The protagonist in C.P. Snow’s novel Corridors of Power, a politician who is having an affair, quotes an old Anglican Church maxim, “You can get away with unorthodox behavior. Or you can get away with unorthodox doctrine. But you can’t get away with both of them at the same time.” That, in a nutshell, explains Eliot Spitzer’s political demise. Call it double hubris.
We all know about the unorthodox behavior. In his recent documentary, Client 9: The Rise and Fall of Eliot Spitzer, film-maker Alex Gibney elaborates on the unorthodox doctrine: aggressively prosecuting the financial sector while he was New York’s Attorney General, and aggressively trying to push reform on a Republican-controlled state senate and a corrupt legislature. Gibney suggests that the enemies Spitzer made in business helped spread the news about his use of prostitutes and, when the word was out, his political enemies pushed for his resignation.
I’m a big fan of Gibney’s documentary style. Lots of face-forward interviews of key players in the story, all of whom, including Spitzer and his favorite dates, were eager to talk. A sharp-edged, bright lights, big city aesthetic for depicting life among the New York elite. Quick transitions from scene to scene, accompanied by an ironic musical score.
But the documentary leaves unanswered one key question. Given the political risks he was already taking for his unorthodox doctrine, why did Spitzer indulge in the unorthodox behavior? Maybe he knows, and the answer would have been too personal or too wounding to share with the world. Or maybe he himself doesn’t know. So I will speculate.
For a rock star, sex comes with the territory. Groupies offer it, and no one condemns rock stars who accept it. Men in power – whether it is economic, political, or intellectual power – are, at least to a certain extent, like rock stars, and they get offers. Many, at one time or another, take advantage of them.
One of the best portrayals of this is the classic Robert Redford movie The Candidate. As the campaign of the senatorial candidate portrayed by Redford builds momentum, we see one excited young supporter ask him to sign her bra and another flash her panties with his button pinned to them. He has a solid and loving marriage, and easily dismisses these clumsy advances, but we see another, much more sophisticated woman hovering around his campaign, flashing him glances that indicate they are having an affair.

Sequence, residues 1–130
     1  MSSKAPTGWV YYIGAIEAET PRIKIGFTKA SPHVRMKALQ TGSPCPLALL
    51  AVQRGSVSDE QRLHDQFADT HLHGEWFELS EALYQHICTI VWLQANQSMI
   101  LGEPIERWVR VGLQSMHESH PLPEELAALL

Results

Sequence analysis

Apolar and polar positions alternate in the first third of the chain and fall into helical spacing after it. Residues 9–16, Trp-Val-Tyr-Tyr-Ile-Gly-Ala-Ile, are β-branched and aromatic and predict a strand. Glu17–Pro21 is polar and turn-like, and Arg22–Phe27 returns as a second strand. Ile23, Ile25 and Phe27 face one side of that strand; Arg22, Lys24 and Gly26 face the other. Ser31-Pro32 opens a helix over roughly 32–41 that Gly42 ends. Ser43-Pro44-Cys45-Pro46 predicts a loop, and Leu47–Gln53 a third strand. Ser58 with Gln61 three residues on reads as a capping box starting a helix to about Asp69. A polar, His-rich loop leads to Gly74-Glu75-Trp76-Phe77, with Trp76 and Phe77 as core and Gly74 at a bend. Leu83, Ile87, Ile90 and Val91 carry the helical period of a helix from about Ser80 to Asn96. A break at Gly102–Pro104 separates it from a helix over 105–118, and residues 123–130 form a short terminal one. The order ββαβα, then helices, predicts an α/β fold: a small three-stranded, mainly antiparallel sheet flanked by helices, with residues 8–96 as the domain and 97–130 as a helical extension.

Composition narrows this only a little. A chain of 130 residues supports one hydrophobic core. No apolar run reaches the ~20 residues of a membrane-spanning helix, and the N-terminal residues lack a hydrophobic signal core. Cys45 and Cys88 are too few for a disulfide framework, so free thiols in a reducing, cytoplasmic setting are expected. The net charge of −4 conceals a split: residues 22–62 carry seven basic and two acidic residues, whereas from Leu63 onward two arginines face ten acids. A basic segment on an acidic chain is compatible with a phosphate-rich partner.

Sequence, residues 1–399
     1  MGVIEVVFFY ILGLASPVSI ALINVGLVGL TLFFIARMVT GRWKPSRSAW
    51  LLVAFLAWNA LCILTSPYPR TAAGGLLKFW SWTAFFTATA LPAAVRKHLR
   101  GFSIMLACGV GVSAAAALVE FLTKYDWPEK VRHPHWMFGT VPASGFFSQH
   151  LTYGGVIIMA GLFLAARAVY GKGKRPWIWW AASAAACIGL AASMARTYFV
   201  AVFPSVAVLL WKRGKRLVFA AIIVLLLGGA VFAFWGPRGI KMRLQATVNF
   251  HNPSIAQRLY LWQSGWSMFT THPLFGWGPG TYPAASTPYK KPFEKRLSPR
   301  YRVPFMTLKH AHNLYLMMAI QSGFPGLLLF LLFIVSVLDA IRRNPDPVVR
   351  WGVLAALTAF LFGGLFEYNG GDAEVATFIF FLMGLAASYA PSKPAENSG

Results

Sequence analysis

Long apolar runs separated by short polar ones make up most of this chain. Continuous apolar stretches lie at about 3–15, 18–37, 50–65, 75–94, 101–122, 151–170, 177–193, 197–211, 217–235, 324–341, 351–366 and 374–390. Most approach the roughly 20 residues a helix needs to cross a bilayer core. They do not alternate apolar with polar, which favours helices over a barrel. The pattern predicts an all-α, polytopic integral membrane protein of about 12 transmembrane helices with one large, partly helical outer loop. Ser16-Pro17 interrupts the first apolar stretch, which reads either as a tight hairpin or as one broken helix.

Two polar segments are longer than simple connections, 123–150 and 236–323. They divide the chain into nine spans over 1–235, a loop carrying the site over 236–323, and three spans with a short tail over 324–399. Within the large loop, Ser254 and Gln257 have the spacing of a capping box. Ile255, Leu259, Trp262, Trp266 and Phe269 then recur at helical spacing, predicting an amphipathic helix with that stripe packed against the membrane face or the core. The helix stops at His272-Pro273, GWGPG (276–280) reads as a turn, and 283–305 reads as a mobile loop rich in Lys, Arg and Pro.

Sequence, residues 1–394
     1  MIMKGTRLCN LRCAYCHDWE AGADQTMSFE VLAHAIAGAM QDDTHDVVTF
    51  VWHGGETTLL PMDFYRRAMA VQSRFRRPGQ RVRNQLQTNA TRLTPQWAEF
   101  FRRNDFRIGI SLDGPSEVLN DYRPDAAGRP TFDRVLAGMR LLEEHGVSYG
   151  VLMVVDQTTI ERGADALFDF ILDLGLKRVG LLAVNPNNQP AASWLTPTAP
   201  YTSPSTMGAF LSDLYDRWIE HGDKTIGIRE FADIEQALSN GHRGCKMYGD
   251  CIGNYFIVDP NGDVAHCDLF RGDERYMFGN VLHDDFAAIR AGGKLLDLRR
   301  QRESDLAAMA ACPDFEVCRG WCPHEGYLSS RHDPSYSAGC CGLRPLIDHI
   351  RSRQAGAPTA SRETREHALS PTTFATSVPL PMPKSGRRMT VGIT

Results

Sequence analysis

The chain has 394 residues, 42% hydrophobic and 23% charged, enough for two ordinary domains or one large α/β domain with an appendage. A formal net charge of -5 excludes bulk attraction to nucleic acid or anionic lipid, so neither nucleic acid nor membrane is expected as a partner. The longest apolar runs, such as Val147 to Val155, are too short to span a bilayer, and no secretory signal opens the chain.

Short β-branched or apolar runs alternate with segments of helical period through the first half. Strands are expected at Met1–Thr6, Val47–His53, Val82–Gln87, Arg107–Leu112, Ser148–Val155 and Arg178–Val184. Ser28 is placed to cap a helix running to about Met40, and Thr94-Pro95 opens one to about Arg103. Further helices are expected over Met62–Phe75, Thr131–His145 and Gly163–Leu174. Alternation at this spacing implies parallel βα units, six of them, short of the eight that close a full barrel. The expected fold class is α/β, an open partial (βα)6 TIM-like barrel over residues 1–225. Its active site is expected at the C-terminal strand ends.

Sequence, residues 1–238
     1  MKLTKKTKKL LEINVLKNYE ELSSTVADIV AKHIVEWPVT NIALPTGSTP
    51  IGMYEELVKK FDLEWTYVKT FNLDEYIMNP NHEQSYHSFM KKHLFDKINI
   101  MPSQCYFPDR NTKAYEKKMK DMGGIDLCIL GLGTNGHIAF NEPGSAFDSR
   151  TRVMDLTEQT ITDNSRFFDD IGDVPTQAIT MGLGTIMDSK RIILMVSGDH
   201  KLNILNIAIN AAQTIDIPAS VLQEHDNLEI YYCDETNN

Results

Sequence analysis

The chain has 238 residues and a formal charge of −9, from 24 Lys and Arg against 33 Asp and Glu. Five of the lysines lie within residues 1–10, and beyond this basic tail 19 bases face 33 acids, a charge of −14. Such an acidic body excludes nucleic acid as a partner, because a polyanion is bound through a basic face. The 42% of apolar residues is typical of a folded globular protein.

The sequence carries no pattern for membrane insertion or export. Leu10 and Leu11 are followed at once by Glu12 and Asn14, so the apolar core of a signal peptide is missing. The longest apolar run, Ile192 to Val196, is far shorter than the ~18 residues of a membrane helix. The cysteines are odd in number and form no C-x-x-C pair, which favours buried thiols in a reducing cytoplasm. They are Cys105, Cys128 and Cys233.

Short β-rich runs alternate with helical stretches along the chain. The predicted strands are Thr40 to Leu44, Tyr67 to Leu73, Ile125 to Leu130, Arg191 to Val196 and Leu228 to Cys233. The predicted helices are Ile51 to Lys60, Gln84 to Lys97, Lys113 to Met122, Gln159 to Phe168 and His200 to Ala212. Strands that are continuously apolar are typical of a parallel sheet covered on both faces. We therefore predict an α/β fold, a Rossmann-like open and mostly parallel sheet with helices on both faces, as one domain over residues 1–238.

For a long time male politicians got away with recreational sex and even the occasional affair. Jack Kennedy took this to unparalleled heights. Technology that easily keeps records (like the saved text messages sent by Tiger Woods), coupled with reduced public acceptance of promiscuity have made this unorthodox behavior much riskier. Governor Clinton emulated President Kennedy and got away with it; President Clinton didn’t.
We can assume that Eliot Spitzer knew that free sex was not on, so instead he went for what his consorts referred to as “the girlfriend experience.” But the movie indicates he knew this, too, was very risky, so he took great efforts to cover his tracks, for example paying in cash.
What was the thrill Spitzer was looking for? The act of sex with someone other than his wife? Or the illicitness of the act? Or both? What led him to do it? Boredom with a smart and attractive wife? Frustration at work? Rebellion against aging? Powerful feelings of entitlement? Rage at the demanding love of ambitious parents? Again, Spitzer didn’t tell the world, and there’s no reason he should. But if he wants to come to terms with himself, he will have to share it with his analyst/therapist and his wife.
What does this all mean for the practice of politics? As long as public attitudes in the US, unlike those in at least some European countries, condemn rather than condone promiscuity in their politicians, then the set of job requirements for politicians becomes more exacting. If you’re married, have a sexually fulfilling marriage, or act as if you do.